|Coll, Moshe - HEBREW UNIV. OF JERUSALEM|
Submitted to: Entomologia Experimentalis et Applicata
Publication Type: Peer Reviewed Journal
Publication Acceptance Date: July 8, 2004
Publication Date: November 20, 2004
Repository URL: http://ars.usda.gov/SP2UserFiles/Place/19260000/KRHopper/Ode%202005%20Entomologia.pdf
Citation: Ode, P.J., Hopper, K.R., Coll, M. 2004. Oviposition vs. offspring fitness in Aphidius colemani parasitizing different aphid species. Entomologia Experimentalis et Applicata. Entomologia Experimentalis et Applicata. 115(2): 303-310. Interpretive Summary: Parasitic wasps which use a broad range of host species have an advantage over those with narrow host ranges because they may switch host species when one host becomes difficult to find. Yet, many parasitic wasps attack only a handful of species. Why aren't host ranges of such species broader? The answer to this question is important not only for the theory of host- parasite interactions but also for practial biological control. Many pest populations are ephemeral, and parasitic wasps that can switch to alternative host species are better able to persist in the environment without the need of potentially costly augmentative releases. On the other hand, parasites with overly broad host ranges may affect non-target species in unwanted ways. We used a series of experiments to examine the factors affecting host use in a parasitic wasp, Aphidius colemani, that attacks pests like the cotton aphid and oat/bird-cherry aphid, which are major agricultural pests. We found that this wasp chooses to parasitize host species in which its progeny have the greatest chance of surviving, which explains differences in the rate at which it attacks the cotton aphid versus the oat/bird-cherry aphid. These results provide better understanding of the conditions under which this parasitoid will be an effective biological control agent.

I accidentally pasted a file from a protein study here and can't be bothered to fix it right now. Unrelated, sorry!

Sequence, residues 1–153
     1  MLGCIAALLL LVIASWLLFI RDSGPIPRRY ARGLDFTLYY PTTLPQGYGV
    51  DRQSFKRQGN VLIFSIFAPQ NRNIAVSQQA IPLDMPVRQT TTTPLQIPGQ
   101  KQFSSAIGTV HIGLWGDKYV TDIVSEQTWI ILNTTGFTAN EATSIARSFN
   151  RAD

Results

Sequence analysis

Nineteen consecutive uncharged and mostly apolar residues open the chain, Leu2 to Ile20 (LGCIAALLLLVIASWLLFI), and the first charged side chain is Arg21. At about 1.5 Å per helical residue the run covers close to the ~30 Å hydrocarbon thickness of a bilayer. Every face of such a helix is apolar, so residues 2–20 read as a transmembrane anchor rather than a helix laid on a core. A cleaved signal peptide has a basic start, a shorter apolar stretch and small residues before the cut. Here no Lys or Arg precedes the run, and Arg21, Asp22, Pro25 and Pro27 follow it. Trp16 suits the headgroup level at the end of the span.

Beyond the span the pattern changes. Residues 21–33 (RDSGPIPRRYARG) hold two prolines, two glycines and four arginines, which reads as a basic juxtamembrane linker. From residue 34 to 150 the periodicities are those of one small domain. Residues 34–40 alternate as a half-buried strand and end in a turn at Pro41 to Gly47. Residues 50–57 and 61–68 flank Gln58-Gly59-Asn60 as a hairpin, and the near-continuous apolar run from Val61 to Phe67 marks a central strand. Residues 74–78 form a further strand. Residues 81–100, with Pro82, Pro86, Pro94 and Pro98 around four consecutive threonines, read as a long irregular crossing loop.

Technical Abstract: We examined use of four aphid species by a population of a polyphagous aphid parasitoid, Aphidius colemani (Hymenoptera: Braconidae). We measured the effects of the host species in which offspring developed (exposure host) and in which parents developed (development host) on host acceptance and suitability. The number of mummies and adult offspring varied among exposure hosts. Fewer adult offspring emerged from Rhopalosiphum padi tha from three other species of aphids (Myzus persicae, Aphis gossypii, and Schizaphis graminum). Development host also affected number of mummies and adult offspring, probably through effects on maternal body size. Sex ratios of adult progeny were more male biased from R. padi than from the other three aphid species. Adult female A. colemani may have chosen to lay male progeny in R. padi, because this species was a poor quality host. Ovipositing A. colemani encountered R. padi at a lower rate than A. gossypii, and A. colemani spent more time handling R. padi than A. gossypii. Furthermore, offspring of A. colemani survived less well in R. padi compared to A. gossypii. These findings suggest that oviposition preference and offspring performance are correlated in A. colemani.